One of the first urbanized centers in western Africa. A walled community home to approximately 50,000 people at its height. Evidence suggests domestication of agriculture and trade with nearby regions.
Great Zimbabwe
A stone-walled enclosure found in Southeast Africa. Have been associated with trade, farming, and mining.
The first king of the Babylonian Empire. Best known for his legal code.
Code of Hammurabi
A collection of 282 laws. One of the first (but not THE first) examples of written law in the ancient world.
An ancient Anatolian group whose empire at largest extent consisted of most of the Middle East. Some of the first two-wheeled chariots and iron.
Descendants of the Akkadians who participated in warfare and trade in the region of Mesopotamia. Established an independent state around 1900 BCE.
One of the first widely followed monotheistic religions. Prominent in Babylonia.
The founder of Persia's classical pre-Islamic religion.
Of or influenced by the Greek Empire. A type of culture typically referred to after the conquests of Alexander the Great.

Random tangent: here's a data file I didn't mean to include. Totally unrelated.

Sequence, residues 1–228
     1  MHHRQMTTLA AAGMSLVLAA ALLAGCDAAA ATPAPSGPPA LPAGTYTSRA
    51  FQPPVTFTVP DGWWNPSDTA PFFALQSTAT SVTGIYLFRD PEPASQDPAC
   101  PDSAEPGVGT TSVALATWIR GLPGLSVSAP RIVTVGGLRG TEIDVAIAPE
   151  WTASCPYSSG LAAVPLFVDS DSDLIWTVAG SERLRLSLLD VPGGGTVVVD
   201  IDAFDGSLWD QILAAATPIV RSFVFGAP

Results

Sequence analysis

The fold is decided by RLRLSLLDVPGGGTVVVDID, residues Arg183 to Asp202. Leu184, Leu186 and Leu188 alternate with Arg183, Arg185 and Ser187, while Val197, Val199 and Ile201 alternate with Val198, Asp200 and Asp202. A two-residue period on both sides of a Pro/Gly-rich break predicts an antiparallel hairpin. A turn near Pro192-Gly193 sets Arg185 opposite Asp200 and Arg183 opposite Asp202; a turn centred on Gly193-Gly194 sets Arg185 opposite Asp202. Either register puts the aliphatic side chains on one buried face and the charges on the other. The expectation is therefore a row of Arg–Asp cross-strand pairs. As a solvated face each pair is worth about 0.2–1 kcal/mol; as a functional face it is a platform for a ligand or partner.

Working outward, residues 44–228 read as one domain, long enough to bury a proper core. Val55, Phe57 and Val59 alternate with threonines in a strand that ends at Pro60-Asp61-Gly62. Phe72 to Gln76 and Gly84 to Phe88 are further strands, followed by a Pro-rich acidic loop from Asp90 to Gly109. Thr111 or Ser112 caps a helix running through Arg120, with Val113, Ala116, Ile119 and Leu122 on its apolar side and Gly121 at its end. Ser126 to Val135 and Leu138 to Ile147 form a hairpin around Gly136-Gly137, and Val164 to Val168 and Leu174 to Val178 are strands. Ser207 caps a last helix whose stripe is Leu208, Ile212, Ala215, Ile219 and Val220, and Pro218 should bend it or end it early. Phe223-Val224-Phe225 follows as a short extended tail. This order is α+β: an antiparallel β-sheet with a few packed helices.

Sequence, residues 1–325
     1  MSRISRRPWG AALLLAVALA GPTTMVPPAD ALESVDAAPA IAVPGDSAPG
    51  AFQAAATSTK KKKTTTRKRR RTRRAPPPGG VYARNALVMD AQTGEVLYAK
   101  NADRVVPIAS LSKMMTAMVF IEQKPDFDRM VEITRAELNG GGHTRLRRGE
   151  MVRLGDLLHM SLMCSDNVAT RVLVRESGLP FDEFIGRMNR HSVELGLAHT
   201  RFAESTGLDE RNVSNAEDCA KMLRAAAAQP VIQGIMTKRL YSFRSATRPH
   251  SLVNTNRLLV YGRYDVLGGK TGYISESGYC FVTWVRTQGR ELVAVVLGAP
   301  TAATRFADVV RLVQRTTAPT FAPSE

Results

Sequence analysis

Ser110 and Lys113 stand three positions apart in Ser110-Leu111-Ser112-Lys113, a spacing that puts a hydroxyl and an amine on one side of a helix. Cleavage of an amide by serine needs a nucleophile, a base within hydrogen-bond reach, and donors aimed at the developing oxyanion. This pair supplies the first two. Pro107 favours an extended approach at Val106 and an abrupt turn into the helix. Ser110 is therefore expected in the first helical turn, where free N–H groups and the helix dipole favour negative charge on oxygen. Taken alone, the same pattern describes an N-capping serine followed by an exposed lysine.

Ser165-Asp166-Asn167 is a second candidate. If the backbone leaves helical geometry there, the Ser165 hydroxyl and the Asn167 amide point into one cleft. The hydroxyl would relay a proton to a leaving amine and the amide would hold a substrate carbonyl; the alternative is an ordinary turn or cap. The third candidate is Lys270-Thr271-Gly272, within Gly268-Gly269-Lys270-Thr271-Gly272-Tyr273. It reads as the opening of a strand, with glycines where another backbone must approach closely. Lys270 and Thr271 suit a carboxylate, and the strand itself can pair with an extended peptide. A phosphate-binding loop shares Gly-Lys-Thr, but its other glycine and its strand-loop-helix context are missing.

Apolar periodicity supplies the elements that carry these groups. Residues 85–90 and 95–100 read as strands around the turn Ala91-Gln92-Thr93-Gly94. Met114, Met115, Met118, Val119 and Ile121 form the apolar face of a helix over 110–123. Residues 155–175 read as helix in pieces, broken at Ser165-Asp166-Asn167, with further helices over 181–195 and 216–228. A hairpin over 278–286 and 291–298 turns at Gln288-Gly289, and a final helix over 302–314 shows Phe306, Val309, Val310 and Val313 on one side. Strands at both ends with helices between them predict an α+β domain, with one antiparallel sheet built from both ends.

One of the early proto-Greek peoples from 2600 BCE to 1500 BCE. Inhabitants of the island of Crete.
Greek for "high city". The chief temples of the city were located here.
Socrates' most well known pupil. Founded an academy in Athens.
Pax Romana
The "Roman Peace", that is, the state of comparative concord prevailing within the boundaries of the Roman Empire from the reign of Augustus (27 B.C.E.-14 C.E.) to that of Marcus Aurelius (161-180 C.E.)
A state that is not ruled by a hereditary leader (a monarchy) but by a person or persons appointed under the constitution
The smallest units of the Roman army, each composed of some 100 foot soldiers and commanded by a centurion. A legion was made up of 60 of these. They also formed political divisions of Roman citizens.
Under the Roman Republic, one of the two magistrates holding supreme civil and military authority. Nominated by the Senate and elected by citizens in the Comitia Centuriata, the consuls held office for one year and each had power of veto over the other.